AMCC, ZettaCom Cut Staff
Companies focused on network processors and related chips are continuing to cut back, with both Applied Micro Circuits Corp. (AMCC) (Nasdaq: AMCC) and ZettaCom Inc. trimming staff recently, according to sources.
AMCC laid off 90 last week, including parts of the network processor division, according to sources. ZettaCom, meanwhile, cut its marketing division and some product development.
Despite such cutbacks, not all is gloomy in the network processor business. Business is picking up for a few, and some of the smaller players, such as Bay Microsystems Inc. and EZchip Technologies, claim they're approaching stability (see Startups Spout Bravado at NPC West and Bay Closes $10M C Round). But chip-industry executives expect any recovery in 2004 to be slow and spotty, with no universal increase in orders.
That means the dry spell will linger even for companies such as ZettaCom that have design wins secured (see ZettaCom Has Designs on Fujitsu). Revenues from some of ZettaCom's wins have been delayed, and investors asked the company to trim its burn rate, says Linley Gwennap, analyst with consultancy The Linley Group. "It's just taking them longer to get into a good cash-flow position," he says.
As a result, one source -- other than a Light Reading message board post -- pegged the cuts at Zettacom at 50 percent, or about 35 employees. Linley Group analyst Jag Bolaria isn't certain that the cuts were that severe: "My sense is that it's more for redistribution and cash preservation," he says.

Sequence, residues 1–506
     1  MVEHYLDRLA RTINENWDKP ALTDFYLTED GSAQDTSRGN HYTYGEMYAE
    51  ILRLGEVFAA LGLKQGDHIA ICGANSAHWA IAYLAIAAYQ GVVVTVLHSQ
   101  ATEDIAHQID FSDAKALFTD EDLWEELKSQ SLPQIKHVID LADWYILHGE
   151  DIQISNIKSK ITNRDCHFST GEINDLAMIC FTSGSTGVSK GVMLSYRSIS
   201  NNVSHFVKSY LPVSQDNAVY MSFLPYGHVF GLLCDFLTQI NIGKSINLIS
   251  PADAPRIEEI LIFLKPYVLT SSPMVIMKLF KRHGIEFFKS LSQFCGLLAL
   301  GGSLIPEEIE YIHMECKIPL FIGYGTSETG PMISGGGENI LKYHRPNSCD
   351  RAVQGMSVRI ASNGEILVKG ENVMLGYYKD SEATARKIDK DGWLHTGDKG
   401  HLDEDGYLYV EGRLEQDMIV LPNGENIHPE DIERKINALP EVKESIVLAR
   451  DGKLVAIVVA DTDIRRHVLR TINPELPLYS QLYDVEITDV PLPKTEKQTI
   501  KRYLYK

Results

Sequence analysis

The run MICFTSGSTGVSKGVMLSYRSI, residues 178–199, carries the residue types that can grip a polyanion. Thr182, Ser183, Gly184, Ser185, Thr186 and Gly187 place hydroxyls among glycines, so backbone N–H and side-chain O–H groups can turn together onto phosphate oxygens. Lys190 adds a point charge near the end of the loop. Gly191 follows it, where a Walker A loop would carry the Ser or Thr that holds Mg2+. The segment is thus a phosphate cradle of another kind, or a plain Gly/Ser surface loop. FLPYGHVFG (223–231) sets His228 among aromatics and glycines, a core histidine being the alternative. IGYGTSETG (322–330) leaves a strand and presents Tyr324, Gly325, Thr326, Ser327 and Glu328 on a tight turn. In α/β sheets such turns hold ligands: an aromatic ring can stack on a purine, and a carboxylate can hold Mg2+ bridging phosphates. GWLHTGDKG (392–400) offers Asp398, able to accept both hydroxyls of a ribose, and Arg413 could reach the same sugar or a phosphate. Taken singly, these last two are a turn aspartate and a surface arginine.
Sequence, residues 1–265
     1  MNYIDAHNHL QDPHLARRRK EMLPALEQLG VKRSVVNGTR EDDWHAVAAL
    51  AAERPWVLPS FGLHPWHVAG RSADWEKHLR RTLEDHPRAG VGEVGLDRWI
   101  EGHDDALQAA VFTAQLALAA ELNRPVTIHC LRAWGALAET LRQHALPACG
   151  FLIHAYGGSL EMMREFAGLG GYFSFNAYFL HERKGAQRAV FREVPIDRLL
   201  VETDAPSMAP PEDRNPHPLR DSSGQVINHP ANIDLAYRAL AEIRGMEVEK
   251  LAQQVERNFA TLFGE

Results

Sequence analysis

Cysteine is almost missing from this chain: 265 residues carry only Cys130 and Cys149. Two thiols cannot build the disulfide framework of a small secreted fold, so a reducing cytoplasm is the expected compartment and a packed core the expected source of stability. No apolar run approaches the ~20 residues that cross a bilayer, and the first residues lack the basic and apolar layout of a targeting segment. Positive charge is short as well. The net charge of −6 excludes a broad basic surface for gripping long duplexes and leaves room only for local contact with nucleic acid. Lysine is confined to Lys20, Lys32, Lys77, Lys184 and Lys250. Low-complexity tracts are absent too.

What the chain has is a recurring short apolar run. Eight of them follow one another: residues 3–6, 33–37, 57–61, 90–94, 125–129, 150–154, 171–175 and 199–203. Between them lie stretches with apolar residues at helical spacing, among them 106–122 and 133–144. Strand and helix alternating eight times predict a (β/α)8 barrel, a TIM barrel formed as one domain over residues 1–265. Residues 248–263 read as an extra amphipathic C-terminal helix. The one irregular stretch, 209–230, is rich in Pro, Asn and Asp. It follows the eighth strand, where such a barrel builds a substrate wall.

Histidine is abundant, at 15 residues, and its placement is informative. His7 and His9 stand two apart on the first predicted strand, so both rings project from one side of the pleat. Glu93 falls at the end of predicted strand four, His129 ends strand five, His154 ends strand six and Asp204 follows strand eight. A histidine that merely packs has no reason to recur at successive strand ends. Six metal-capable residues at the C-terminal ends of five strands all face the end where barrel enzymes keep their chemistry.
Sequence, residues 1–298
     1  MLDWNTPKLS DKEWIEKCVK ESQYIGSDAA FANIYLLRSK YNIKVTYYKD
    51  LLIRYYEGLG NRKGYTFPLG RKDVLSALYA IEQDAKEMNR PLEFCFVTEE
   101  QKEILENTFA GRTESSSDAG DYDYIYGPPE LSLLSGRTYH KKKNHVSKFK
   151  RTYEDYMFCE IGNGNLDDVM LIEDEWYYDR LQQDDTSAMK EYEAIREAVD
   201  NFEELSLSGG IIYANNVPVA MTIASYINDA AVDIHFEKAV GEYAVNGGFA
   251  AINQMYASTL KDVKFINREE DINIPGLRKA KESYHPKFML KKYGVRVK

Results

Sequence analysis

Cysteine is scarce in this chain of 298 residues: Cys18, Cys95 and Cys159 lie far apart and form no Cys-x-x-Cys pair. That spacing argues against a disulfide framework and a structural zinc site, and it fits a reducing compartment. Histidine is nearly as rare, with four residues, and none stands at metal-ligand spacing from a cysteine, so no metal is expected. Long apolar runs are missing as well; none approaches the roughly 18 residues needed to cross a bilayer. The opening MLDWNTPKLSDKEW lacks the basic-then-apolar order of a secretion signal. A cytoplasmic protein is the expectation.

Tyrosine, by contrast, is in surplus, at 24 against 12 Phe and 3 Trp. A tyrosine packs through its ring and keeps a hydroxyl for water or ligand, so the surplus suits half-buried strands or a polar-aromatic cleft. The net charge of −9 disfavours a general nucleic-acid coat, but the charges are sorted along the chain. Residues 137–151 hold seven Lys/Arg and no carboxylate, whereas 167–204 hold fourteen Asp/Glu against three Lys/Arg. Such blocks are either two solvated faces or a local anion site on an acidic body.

ZettaCom CEO Daryn Lau says the company is embarking on a strategy to shift some of its work offshore, the kind of cost-cutting move that's become popular (see Headcount: Offshoring, Dude!).
Key architectural decisions will be made in Santa Clara, Calif., but ZettaCom's "less essential engineering," including some chip and board design, will happen overseas, Lau says. The company is also shifting sales and marketing to Asia, to be closer to customers.
"We did have a layoff, but I look at it as a continual process to strengthen the company," Lau says. He wouldn't quantify the layoffs but says headcount will come out even "in the medium term" once the offshore facilities are established.
It's possible AMCC is looking at cost-cutting as well, although officials there would neither confirm nor deny that layoffs took place last week.
AMCC has been a relative success in network processors, taking the lead market share by revenues, according to The Linley Group. But that lead is shrinking as some of Intel's design wins come to fruition, Gwennap says.
Overall, losses still dog the company, and the cuts may have been necessary to meet CEO Dave Rickey's pledge of profitability by mid-2004. The company needs to diversify beyond its legacy telecom products, which will be among the last categories to enjoy recovery, says Jeremy Bunting, analyst with Thomas Weisel Partners.
Other companies have made a similar switch. Vitesse Semiconductor Corp., in particular, has shifted identity from a telecom supplier to a storage supplier. AMCC has begun such a transition with a plan to get into storage networking, the first step being its recent acquisition of JNI Corp., but it needs to do more. "I'm not sure what their differentiation there is," Bunting says. (See AMCC Moves Into Storage and Allstream Expands Ethernet Service).
It's likely that "high-touch packet products" such as network processors will recover faster than telecom chips, says Mark Hunsicker, vice president of AMCC's wide-area networking division. But the company is "starting to see hints" of a recovery on the telecom side, he says.
Like every chip company, AMCC faces the question of how real these recovery signs are. There's still the question of how much activity is the result of customers' chip inventories drying up, as opposed to an earnest increase in carrier spending, Hunsicker says.
— Craig Matsumoto, Senior Editor, Light Reading